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Texas 2020 Elections

MJ Hegar keeps fundraising lead as Democratic primary to challenge Cornyn reaches end

In the crowded field of U.S. Senate candidates, Hegar raised $638,000 during the first six weeks of 2020, according to campaign finance reports that were due Thursday.

Democratic candidate for U.S. Senate MJ Hegar at the Wyndham Garden Hotel in Austin on Feb. 8, 2020.

With less than two weeks until election day, MJ Hegar is having little trouble maintaining her status as the fundraising leader in the crowded Democratic primary to challenge U.S. Sen. John Cornyn, R-Texas.

Hegar, the former Air Force helicopter pilot, raised $638,000 over the first six weeks of the year, easily more than any of her 11 rivals, according to the latest available filings with the Federal Election Commission, which were due Thursday. The period — Jan. 1 through Feb. 12 — was Hegar's first since she was endorsed late last year by the Democratic Senatorial Campaign Committee.

Behind Hegar, the closest fundraiser in the primary was progressive organizer Cristina Tzintzún Ramirez, who took in $182,000. She was closely followed by Dallas state Sen. Royce West ($178,000), and next was former Houston City Council member Amanda Edwards ($128,000).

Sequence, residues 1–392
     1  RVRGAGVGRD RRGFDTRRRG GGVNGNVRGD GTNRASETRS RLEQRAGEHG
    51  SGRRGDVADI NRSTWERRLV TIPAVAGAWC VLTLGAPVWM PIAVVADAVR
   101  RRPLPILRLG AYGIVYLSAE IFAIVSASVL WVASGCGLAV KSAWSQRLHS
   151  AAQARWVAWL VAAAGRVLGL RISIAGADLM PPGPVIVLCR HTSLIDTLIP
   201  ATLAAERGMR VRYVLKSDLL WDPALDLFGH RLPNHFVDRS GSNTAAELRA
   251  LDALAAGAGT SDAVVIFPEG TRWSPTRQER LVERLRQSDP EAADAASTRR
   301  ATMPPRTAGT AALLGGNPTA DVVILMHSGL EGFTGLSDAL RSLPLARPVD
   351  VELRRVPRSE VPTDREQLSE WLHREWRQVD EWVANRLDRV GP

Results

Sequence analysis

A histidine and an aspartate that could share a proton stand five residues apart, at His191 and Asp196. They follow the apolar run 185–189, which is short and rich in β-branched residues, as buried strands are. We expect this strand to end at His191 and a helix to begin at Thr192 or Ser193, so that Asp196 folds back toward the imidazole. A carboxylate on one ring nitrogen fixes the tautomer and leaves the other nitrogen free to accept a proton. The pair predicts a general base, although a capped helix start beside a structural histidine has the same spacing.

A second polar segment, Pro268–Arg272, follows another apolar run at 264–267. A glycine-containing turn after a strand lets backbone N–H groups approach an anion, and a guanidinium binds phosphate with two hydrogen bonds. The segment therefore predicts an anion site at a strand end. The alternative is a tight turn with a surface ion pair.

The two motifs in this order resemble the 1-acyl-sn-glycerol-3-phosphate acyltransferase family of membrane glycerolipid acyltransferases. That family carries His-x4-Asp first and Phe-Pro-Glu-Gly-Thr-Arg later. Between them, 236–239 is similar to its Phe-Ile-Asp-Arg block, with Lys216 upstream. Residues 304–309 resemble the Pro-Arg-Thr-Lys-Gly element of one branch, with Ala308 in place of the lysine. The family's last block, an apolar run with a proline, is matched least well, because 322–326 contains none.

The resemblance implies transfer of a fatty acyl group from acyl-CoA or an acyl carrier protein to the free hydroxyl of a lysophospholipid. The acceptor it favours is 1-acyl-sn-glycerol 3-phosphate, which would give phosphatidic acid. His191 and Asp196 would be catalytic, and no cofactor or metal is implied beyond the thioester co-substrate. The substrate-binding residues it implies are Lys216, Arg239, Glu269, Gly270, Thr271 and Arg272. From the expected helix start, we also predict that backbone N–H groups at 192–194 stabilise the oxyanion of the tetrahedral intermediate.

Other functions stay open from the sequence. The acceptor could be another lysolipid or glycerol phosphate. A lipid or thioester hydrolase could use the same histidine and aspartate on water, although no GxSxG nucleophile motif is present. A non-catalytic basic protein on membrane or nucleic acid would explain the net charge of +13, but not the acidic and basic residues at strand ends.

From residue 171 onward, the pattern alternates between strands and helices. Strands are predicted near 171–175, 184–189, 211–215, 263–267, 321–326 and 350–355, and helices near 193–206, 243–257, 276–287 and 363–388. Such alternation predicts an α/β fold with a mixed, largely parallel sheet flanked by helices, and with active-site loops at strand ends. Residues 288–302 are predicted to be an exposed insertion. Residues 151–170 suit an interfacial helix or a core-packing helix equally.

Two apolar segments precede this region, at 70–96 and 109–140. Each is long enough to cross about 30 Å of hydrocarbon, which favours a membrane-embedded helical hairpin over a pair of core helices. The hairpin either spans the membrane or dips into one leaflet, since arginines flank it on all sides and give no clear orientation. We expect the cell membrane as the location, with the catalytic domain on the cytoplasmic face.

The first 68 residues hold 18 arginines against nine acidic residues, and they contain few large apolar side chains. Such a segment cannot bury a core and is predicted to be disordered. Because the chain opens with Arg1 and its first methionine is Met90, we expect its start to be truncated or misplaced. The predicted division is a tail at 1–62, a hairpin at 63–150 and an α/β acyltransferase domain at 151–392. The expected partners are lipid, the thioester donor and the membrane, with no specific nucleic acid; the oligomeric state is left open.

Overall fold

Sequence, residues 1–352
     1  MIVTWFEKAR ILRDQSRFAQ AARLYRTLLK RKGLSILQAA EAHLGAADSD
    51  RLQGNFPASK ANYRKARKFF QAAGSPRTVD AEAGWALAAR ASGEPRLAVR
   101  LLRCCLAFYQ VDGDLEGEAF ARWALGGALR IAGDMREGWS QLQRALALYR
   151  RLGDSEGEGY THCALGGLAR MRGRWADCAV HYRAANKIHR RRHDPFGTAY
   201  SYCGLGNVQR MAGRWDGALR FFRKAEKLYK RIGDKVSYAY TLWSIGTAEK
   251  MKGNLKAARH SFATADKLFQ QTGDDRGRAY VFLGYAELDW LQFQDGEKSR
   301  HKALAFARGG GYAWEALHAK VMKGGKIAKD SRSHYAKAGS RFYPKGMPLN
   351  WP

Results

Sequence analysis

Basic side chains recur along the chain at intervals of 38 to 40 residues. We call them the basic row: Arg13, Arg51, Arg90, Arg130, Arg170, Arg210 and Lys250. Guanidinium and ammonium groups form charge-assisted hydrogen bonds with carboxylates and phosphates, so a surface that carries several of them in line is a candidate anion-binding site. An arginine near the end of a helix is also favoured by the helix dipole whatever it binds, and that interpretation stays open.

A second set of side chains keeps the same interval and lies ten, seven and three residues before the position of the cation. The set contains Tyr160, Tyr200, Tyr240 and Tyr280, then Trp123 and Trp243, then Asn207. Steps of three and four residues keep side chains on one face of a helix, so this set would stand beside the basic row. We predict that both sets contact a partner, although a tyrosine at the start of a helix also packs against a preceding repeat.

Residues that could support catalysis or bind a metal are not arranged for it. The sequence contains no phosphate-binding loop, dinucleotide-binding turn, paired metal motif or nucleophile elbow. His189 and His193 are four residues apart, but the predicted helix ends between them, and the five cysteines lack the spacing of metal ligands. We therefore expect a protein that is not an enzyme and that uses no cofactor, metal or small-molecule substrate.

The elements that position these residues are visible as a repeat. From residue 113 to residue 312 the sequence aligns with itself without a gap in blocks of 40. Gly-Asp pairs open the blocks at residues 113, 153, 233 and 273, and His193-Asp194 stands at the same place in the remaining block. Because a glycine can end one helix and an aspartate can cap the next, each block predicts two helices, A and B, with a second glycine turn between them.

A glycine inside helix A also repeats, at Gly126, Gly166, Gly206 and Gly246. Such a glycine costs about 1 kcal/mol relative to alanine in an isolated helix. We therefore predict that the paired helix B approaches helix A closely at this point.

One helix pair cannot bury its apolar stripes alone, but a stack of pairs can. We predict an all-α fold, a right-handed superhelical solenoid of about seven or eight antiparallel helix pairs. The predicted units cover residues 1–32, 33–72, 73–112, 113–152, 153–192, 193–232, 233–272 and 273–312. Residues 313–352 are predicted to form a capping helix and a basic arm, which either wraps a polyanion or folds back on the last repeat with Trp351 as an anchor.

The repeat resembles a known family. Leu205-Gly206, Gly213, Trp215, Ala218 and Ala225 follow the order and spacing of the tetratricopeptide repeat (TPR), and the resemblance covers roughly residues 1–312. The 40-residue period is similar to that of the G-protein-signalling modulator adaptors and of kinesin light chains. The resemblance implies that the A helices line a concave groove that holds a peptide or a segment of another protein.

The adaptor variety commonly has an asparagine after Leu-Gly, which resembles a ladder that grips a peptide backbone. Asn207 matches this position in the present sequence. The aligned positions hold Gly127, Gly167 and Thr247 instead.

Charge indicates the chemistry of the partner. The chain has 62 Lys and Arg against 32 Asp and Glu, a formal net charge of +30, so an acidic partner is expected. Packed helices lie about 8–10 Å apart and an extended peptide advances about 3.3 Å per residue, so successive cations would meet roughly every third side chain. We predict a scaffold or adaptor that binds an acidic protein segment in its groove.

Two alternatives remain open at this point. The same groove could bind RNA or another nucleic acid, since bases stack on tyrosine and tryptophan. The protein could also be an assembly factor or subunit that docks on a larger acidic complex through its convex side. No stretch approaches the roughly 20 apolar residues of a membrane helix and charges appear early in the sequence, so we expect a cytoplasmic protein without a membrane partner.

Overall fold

Hegar has now raised more than $3.8 million since launching her campaign in April — also more than any of her intraparty opponents, though several got a later start.

Cornyn, who faces minimal opposition in his primary, continued to outpace the Democratic field on the latest FEC reports, raising $1.16 million, spending $1.26 million and ending the period with $12 million cash on hand.

Hegar also led the Democrats in cash on hand, reporting $851,000 in reserves. The runner-up was West, who has $308,000 to spend.

With the primary nearing, the state senator significantly ramped up his spending, unloading $396,000 — more than double what he raised. West's expenses included $233,000 on ad buys and mailers.

Hegar also continued to spend big, disclosing $791,000 in expenses, roughly a quarter more than what she raised. Media and mail also made up most of her spending.

Hegar has been the only candidate on TV in the primary, though that will change Saturday, when West is beginning a cable buy in Dallas, according to his campaign. Outside groups have also been on the air in the primary — VoteVets for Hegar and a newer effort called Lone Star Forward on behalf of Tzintzún Ramirez.

The primary is almost certain to advance to a runoff. A University of Texas/Texas Tribune survey released Friday indicated that Hegar is well positioned to move forward, while several candidates are in contention for the No. 2 spot.

Disclosure: The University of Texas has been a financial supporter of The Texas Tribune, a nonprofit, nonpartisan news organization that is funded in part by donations from members, foundations and corporate sponsors. Financial supporters play no role in the Tribune's journalism. Find a complete list of them here.

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